Cross-Pod Report Links

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In one of the comments (on LinkedIn) for the previous post on Surfacing Reports to End-Users Sricharan Monigari asked:

Good idea.. But with every refresh we will have to redirect the hyperlinks to the right instance else they keep referring to the other instance from where it is being refreshed.. Do you have any solution for it?

Sricharan was cleverly thinking ahead to when the instance containing the dashboard of report links is refreshed over another pod. The report links would still point to the previous pod – which would be confusing at the very least.

Dashboard links to analytics are relative – by which I mean the link does not contain the server or domain info, just the path within the catalogue – and therefore need no changes after a pod refresh:

Dashboard links to BI Publisher reports are different. When you copy the link to the report to embed in the dashboard it is an absolute link, i.e. it includes the fully qualified domain name in addition to the report path. This is what Sricharan had thought about. Thankfully there’s a very easy solution.

The link to embed a BIP in a dashboard might look like this:

https//<server>.fa.em2.oraclecloud.com/xmlpserver/Custom/<folder>/<report>.xdo?<parameters>

To make the links portable across pod refreshes, simply replace the FQDN part of the URL and make it relative, as follows:

../../xmlpserver/Custom/<folder>/<report>.xdo?<parameters>

Then your dashboard will work both before and after refreshes.

Surfacing Reports to End-Users

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We shouldn’t be expecting end-users to navigate the Reports & Analytics catalogue to find reports, especially now the ability to hide folders that are irrelevant to HCM / ERP Cloud has been removed.

The easiest option is to create a simple dashboard (or set of dashboards) containing the reports instead. You can embed the actual report output, however that takes a bit more planning, so a quick solution is to just have links to the reports in sections.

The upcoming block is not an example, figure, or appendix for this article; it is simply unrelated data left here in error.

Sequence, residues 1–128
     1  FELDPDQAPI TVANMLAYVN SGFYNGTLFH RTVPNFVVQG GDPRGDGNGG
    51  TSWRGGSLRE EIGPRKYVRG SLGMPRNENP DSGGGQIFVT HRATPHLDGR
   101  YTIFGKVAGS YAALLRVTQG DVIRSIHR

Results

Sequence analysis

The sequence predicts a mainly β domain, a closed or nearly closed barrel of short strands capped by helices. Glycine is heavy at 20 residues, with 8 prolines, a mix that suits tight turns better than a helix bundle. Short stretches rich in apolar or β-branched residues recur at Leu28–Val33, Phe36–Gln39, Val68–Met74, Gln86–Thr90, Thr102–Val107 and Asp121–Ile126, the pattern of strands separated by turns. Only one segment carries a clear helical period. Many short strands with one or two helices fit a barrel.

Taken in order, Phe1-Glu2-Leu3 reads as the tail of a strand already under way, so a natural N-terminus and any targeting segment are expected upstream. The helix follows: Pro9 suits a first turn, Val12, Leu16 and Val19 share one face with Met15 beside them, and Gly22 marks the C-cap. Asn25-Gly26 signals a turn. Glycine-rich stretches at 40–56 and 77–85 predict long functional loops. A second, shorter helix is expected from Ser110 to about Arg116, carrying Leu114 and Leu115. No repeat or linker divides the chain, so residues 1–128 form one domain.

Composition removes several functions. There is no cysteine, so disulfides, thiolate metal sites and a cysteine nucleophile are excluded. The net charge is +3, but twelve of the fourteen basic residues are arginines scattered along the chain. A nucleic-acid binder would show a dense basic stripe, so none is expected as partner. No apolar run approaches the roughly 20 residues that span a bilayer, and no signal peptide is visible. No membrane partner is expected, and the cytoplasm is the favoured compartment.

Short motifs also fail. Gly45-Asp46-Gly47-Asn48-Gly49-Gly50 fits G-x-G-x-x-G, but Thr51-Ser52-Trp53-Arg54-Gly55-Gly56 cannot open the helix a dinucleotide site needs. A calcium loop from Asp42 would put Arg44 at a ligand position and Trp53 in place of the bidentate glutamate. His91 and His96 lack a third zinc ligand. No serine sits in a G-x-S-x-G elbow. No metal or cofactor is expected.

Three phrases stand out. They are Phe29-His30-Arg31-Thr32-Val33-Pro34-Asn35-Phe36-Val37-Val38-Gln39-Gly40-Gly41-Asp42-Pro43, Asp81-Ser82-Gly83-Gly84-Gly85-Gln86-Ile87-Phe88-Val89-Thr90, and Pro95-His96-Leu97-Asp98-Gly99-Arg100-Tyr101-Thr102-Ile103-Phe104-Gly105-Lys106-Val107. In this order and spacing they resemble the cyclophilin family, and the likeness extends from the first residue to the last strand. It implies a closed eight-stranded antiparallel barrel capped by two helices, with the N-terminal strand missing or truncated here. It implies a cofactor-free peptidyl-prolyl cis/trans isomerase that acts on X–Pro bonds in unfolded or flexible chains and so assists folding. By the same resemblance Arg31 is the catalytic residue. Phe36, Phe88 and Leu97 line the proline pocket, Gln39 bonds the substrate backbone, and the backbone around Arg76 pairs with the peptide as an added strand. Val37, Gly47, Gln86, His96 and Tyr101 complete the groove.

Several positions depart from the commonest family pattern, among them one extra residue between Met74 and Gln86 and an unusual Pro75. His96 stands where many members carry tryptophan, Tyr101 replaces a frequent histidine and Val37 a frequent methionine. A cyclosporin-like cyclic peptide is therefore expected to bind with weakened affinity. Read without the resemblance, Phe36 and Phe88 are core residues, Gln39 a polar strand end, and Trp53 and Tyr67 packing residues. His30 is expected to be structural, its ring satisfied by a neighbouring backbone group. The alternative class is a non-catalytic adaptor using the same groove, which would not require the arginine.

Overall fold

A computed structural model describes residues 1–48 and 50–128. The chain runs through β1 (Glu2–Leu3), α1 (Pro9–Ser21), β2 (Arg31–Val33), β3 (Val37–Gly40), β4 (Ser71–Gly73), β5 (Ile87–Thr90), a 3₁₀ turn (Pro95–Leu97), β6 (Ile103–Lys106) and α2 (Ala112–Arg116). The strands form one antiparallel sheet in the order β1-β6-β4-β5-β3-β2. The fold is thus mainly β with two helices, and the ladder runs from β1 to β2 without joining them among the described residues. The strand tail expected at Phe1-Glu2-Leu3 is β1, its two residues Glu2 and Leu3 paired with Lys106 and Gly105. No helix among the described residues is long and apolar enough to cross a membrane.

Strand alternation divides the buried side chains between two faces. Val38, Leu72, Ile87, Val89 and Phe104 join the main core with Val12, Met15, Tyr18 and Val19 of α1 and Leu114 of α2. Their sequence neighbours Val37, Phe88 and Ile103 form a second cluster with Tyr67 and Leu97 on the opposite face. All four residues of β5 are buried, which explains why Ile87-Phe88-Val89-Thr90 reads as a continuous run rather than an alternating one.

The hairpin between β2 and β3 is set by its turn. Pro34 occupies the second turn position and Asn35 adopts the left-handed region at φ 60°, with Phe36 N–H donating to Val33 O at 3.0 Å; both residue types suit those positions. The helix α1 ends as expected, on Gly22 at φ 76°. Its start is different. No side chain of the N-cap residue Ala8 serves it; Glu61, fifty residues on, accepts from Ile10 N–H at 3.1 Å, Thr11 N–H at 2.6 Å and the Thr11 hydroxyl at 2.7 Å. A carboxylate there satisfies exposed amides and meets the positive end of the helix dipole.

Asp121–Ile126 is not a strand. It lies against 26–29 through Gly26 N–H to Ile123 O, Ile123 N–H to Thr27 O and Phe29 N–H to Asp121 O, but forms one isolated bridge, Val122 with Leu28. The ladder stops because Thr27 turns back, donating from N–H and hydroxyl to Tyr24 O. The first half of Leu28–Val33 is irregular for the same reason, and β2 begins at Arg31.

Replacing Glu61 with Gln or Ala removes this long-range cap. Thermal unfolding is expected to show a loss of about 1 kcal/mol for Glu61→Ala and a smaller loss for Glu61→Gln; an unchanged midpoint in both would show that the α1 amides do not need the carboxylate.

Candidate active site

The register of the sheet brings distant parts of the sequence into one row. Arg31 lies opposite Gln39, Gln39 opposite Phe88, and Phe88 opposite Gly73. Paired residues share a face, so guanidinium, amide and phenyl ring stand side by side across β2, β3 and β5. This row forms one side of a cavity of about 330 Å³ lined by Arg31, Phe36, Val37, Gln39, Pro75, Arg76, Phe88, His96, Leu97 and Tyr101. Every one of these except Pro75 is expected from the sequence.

Something as basic as this is a good start, and gives end-users single-click access to reports without having to hunt through the catalog.

If you want to get a little more sophisticated, each section can have its own set of permissions so end-users only see the sections within the dashboard that are appropriate for them.

Creating the page and tile for the dashboard in the application takes a few minutes, and the dashboard itself can be added to incrementally as your report suite grows without needing to re-personalise the page.

Hiding Areas on Shared Sections

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It’s fairly trivial to hide fields/areas on pages by using Experience Design Studio or Page Composer to tweak the visible property. It’s a bit harder when the field/area that you wish to hide is on a shared component, however you only want to hide it on one of the pages it appears on.

In the Responsive ‘Personal Information’ tile we found that the Comments and Attachments section under ‘Add Disability’ was shared with ‘Resignation’.

We still wanted the fields to show on the resignation page, but not on the disability page. How do we achieve this?

Our first thought whenever there’s some conditional logic is to turn to Expression Language (EL). We needed a statement that we could put against the visible property of the fields along the lines of:

when page = Resignation, then visible = true
when page = Disability, then visible = false